Antonia Bunnin, Director of Hospice Support and Development at national hospice care charity Hospice UK, said: “Building the capacity of communities to care for people at the end of life is a vital step in improving the support that we, as a society, give to people experiencing dying, death and loss.

“The evaluation from the pathfinder schemes and the new guidance on community development in end of life care are extremely valuable resources for everyone interested in strengthening community capacity to care for dying people and their families.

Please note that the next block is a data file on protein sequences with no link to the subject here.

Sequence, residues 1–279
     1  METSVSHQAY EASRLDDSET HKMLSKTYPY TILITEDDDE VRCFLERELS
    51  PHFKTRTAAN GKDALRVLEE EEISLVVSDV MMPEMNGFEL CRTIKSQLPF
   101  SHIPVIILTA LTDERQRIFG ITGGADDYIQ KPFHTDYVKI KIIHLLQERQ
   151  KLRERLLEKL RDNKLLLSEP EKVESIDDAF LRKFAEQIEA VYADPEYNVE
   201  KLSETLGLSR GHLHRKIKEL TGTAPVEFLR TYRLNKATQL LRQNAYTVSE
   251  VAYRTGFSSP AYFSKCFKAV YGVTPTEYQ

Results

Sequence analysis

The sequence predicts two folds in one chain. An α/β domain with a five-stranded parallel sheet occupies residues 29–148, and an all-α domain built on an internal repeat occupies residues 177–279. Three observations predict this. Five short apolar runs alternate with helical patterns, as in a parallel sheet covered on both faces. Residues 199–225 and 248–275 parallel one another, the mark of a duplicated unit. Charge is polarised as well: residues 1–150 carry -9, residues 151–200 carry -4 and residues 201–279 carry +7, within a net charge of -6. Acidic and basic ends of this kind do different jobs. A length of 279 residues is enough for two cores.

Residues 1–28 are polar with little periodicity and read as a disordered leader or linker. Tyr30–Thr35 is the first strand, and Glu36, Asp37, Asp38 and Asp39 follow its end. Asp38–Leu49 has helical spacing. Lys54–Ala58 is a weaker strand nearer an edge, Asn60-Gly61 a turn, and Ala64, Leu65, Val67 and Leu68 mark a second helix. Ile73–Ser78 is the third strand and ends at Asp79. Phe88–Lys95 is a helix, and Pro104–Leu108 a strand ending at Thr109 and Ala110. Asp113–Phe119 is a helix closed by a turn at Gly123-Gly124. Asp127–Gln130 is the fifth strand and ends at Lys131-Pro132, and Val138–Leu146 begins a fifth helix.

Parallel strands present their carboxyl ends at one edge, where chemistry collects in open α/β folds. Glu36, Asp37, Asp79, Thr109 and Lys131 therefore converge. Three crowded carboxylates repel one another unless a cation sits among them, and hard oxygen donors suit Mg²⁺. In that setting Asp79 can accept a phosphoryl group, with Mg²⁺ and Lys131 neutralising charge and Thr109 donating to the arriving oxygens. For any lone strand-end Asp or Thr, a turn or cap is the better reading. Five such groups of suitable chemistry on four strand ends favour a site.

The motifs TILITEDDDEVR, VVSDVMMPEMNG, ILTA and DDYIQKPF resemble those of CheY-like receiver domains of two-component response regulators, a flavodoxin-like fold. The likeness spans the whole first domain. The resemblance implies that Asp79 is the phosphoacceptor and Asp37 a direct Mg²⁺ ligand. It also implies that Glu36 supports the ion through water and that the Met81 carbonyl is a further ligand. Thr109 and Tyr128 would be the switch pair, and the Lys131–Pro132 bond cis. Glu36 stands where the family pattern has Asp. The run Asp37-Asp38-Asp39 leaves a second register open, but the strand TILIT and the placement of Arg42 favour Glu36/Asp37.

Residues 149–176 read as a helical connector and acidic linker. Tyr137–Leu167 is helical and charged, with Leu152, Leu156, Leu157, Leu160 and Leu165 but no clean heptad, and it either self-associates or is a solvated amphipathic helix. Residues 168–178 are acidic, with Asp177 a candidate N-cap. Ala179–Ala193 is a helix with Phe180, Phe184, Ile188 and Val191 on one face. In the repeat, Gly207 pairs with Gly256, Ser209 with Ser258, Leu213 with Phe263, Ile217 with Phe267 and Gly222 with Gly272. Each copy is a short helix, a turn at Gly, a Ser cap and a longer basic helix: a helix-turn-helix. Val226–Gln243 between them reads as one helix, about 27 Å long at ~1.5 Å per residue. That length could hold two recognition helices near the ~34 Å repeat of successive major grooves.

“Hospices are renowned for their compassionate ethos of care and have strong and wide-ranging links across their local communities. They can play a key role in spreading understanding of how to support people through death and grief. Many hospices are already pioneering community development initiatives, and these publications will help to strengthen and extend such work.”  



Every Community Prepared to Help can be downloaded here.

The Pathfinder Evaluation document can be downloaded here

Simon Chapman is available for interview.